Steven Keene grew up in Brooklyn New York and got his start playing the folk clubs and cafes of the Greenwich Village scene in the late ’80s and early ’90s alongside contemporaries Beck, Susanne Vega, Shawn Colvin, and others.
Heavily inspired by the songwriting of Bob Dylan, Woody Guthrie and Leonard Cohen, he began performing his earliest material at The Speakeasy, the now-closed folk club that was a singer-songwriter staple in the ’90s.
Keene played regularly at joints like Sun Mountain Cafe and the Chameleon, and for years would crisscross the streets of McDougal and Bleecker, playing well-known clubs including the Bottom Line, Lone Star Cafe, the Mercury Lounge, the Bitter End, Arlene’s Grocery, and the legendary CBGB’s.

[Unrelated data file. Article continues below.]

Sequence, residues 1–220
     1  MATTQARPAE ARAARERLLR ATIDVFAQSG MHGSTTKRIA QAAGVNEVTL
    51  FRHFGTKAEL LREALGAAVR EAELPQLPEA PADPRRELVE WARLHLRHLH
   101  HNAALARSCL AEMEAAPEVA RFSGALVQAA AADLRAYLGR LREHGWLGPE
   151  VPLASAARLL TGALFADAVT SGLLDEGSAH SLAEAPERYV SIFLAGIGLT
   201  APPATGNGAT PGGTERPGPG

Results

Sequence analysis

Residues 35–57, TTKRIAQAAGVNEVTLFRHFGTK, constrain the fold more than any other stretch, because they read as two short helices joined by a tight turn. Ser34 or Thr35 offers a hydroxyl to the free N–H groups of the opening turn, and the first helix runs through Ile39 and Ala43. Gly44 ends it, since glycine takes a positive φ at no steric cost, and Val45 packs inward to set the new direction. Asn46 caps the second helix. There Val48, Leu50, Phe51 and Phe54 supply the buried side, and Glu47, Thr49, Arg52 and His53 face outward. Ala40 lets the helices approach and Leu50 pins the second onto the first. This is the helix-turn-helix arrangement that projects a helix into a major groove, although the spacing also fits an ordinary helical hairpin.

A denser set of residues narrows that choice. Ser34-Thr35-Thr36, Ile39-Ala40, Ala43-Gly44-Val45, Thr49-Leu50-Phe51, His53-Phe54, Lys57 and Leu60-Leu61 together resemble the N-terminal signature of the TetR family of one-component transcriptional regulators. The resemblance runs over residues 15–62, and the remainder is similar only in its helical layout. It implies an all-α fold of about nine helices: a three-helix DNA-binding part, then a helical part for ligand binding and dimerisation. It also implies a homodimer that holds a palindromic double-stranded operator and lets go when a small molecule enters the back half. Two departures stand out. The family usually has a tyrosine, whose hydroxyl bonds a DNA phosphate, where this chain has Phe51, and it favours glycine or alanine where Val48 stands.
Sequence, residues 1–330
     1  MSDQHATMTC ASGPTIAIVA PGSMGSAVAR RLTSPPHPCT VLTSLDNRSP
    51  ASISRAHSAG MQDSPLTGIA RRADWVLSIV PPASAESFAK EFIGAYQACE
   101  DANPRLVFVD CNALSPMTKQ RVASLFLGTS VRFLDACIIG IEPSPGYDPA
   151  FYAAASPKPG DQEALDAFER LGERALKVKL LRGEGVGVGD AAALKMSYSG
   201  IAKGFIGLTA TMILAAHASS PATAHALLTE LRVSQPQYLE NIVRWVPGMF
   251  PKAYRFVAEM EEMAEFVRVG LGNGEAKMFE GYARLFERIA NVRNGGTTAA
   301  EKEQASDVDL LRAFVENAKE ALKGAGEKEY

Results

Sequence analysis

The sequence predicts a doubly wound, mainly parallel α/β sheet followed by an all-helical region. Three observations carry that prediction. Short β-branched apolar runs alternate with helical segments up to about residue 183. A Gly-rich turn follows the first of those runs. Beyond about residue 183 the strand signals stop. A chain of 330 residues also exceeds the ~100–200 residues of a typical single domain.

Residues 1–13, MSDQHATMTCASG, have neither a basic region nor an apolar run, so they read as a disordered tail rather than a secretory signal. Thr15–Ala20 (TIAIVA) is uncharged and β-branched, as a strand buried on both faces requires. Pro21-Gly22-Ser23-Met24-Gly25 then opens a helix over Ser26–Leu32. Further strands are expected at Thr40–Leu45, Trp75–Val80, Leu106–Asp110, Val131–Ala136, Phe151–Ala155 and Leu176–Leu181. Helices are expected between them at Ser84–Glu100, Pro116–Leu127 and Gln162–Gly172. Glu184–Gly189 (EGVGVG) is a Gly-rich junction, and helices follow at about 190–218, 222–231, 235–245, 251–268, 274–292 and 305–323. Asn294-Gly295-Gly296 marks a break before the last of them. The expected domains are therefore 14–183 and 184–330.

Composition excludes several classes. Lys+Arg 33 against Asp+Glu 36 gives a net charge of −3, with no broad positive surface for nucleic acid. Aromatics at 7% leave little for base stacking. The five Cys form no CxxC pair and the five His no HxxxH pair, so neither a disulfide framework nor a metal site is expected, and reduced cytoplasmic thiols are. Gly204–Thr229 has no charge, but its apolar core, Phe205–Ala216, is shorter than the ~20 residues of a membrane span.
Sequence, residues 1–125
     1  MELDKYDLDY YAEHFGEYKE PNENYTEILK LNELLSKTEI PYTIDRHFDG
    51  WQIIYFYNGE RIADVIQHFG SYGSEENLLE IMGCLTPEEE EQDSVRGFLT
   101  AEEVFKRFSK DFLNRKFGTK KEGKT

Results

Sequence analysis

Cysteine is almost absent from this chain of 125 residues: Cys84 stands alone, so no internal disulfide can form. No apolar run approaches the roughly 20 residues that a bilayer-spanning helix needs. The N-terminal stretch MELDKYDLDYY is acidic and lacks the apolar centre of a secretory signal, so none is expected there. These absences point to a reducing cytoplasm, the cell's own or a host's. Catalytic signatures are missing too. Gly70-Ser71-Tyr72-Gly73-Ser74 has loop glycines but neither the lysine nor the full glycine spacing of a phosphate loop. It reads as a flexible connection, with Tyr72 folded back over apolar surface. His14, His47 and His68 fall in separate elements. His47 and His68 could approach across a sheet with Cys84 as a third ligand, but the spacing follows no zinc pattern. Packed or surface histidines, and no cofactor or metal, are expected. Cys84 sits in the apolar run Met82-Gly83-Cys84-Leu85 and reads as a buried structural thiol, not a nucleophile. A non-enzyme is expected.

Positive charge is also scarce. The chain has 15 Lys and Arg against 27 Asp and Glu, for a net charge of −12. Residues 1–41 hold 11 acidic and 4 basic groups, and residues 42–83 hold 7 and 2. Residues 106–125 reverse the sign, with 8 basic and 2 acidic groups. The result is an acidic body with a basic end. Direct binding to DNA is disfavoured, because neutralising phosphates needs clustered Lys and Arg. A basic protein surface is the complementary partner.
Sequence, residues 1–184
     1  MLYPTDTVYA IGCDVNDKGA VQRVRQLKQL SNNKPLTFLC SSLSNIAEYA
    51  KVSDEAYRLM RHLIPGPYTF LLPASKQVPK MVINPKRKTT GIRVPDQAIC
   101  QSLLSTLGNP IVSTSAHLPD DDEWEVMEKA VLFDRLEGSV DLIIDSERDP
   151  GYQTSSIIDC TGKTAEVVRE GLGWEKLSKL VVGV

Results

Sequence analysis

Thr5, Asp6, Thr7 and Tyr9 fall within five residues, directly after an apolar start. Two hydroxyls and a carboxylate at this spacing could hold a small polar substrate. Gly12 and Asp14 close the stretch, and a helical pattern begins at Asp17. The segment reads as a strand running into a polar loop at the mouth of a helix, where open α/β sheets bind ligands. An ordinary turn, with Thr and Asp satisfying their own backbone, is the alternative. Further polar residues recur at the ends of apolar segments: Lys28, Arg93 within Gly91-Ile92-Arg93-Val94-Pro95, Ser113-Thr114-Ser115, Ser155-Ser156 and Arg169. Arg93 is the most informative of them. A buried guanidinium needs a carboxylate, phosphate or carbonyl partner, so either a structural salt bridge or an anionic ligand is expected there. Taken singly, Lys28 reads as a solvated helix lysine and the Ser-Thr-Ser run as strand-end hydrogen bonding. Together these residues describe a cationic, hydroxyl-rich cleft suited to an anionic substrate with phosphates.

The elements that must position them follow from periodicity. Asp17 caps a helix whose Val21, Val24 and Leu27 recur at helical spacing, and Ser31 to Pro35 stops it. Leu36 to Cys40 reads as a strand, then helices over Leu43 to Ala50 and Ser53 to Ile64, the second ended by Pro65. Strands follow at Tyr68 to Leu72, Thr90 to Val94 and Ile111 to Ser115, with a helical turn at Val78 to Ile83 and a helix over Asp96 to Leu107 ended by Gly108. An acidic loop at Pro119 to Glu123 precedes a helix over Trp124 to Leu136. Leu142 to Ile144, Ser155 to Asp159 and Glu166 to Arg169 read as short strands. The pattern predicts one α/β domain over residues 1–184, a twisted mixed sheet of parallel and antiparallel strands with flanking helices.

But for Keene, it was always about the music, and never about the fame. Maybe that’s why he surrounded himself with only the best players, focused only on the music, and became obsessed with honing his craft as he gigged his way from one smoke-filled Village club to the next.
“Sometimes the perspective is from myself, and sometimes I’m writing a song through someone else’s eyes,” reflects Keene. “I’m not very big on insisting on explanations behind the songs I write, only because everybody’s got their own take on them, like a painting or any art form. I think less is more when it comes to talking about my own personal experience of a song.”